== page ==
• Introduction to Operations Research. F.S. Hillier and G.J. Lieberman. McGraw-Hill, 8th Ed, 2005.
  • Constraint Programming-An Introduction. Kim Marriott and Peter Stuckey. MIT Press, 1998.

In addition to this, selected research papers will be referenced throughout the course.
The lecture material will be loosely based on this material and will be available on the Web.

Required software and/or hardware

Students will need access to the latest version of Java and are encouraged to make use of GLPK, which can be obtained under GNU licence (free) from

Other software that will be used is the MiniZinc language, software will be distributed in the initial tutorial and can be obtained from

Equipment and consumables required or provided

Students will need access to:

  • a personal computer running Linux, Mac OS X, or Cygwin under Windows
  • the internet via dial-up connection or preferably by broadband
  • a printer for assignments

Study resources

Study resources we will provide for your study are:

  • Weekly detailed lecture notes;
  • Weekly tutorial or laboratory tasks;
  • Assignment specification;
  • Discussion groups;
  • This Unit Guide outlining the administrative information for the unit;
  • The unit web site on Moodle, where resources outlined above will be made available.



Assignment and Examination, relative weight depending on topic composition. When no exam is given students will be expected to demonstrate their knowledge by solving practical problems and maybe required to give an oral report. This variability is designed to give flexibility to the lecturer to decided the most appropriate form of examination for a given choice of topics.

Faculty assessment policy

To pass a unit which includes an examination as part of the assessment a student must obtain:

  • 40% or more in the unit's examination, and
  • 40% or more in the unit's total non-examination assessment, and
  • an overall unit mark of 50% or more.

If a student does not achieve 40% or more in the unit examination or the unit non-examination total assessment, and the total mark for the unit is greater than 44% then a mark of no greater than 44-N will be recorded for the unit.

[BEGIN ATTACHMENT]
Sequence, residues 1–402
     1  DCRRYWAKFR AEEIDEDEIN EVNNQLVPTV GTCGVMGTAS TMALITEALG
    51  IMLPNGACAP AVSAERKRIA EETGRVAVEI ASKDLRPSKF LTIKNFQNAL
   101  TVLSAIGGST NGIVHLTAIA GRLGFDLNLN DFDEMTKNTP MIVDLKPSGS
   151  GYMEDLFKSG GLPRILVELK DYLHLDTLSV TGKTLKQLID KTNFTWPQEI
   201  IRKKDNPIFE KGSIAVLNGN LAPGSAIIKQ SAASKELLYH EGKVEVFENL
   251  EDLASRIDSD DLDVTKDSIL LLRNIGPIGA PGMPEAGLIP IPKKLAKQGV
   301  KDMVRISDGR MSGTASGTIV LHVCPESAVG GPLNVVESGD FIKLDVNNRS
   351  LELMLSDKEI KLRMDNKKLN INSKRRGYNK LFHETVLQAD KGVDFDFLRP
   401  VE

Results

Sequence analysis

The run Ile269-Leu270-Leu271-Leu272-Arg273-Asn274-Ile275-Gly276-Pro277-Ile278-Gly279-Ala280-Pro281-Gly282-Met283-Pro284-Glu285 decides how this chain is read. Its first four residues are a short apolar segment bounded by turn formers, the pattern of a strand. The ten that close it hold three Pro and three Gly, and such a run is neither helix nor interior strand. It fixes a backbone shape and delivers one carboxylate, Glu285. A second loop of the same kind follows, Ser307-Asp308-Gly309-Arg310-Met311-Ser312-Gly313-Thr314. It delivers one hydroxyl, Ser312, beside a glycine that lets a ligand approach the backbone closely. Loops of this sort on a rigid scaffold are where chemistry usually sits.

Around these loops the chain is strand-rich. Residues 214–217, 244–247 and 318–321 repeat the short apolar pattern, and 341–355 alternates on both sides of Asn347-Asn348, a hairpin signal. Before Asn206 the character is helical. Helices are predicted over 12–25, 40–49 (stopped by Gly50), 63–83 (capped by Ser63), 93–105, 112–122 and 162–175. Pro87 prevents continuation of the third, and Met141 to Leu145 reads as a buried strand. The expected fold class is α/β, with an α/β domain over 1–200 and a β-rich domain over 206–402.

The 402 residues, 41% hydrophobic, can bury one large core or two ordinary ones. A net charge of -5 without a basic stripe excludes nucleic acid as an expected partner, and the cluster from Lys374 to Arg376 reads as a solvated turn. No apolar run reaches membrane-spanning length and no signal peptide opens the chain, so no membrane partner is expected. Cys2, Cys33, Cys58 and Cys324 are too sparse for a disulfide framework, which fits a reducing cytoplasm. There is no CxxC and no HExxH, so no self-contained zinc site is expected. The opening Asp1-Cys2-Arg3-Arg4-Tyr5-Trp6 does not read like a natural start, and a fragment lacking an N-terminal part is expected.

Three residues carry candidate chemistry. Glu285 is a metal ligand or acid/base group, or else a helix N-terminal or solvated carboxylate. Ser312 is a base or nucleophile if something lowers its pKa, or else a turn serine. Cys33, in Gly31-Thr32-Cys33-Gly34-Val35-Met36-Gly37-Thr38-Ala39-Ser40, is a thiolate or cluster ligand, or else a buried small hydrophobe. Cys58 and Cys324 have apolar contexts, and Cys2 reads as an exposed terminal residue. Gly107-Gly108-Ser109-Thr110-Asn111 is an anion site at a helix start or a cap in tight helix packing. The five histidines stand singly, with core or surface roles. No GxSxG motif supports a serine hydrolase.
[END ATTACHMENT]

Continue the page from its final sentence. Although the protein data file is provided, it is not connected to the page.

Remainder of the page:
This unit is assessed with three non-exam assessments.  To pass the unit you must:

  • achieve no less than 40% of the marks in each assignment
  • achieve no less than 50% of the possible marks overall

Assignment tasks

Assignment coversheets

Assignment coversheets are available via "Student Forms" on the Faculty website:
You MUST submit a completed coversheet with all assignments, ensuring that the plagiarism declaration section is signed.

Assignment submission and return procedures, and assessment criteria will be specified with each assignment.

  • Assignment task 1
    Assignment 1: Continuous Constraint Optimization - Linear and Quadratic Programming
    Due date:
    August 28
  • Assignment task 2
    Assignment 2: Combinatorial Constraint Optimization - Integer Programming
    40 %
    Due date:
    October 9
  • Assignment task 3
    Assignment 3: Modelling with Constraints
    Due date:
    October 16

Due dates and extensions

Please make every effort to submit work by the due dates. It is your responsibility to structure your study program around assignment deadlines, family, work and other commitments. Factors such as normal work pressures, vacations, etc. are not regarded as appropriate reasons for granting extensions. Students are advised to NOT assume that granting of an extension is a matter of course.

Students requesting an extension for any assessment during semester (eg. Assignments, tests or presentations) are required to submit a Special Consideration application form (in-semester exam/assessment task), along with original copies of supporting documentation, directly to their lecturer within two working days before the assessment submission deadline. Lecturers will provide specific outcomes directly to students via email within 2 working days. The lecturer reserves the right to refuse late applications.

A copy of the email or other written communication of an extension must be attached to the assignment submission.

Refer to the Faculty Special consideration webpage or further details and to access application forms:

Late assignment

Assignments received after the due date will be subject to a penalty of 10% per day, including weekends. Assignments received later than one week (seven days) after the due date will not normally be accepted.

Return dates

Students can expect assignments to be returned within two weeks of the submission date or after receipt, whichever is later.


Please visit the following URL: for further information about:

  • Continuous improvement
  • Unit evaluations
  • Communication, participation and feedback
  • Library access
  • Monash University Studies Online (MUSO)
  • Plagiarism, cheating and collusion
  • Register of counselling about plagiarism
  • Non-discriminatory language
  • Students with disability
  • End of semester special consideration / deferred exams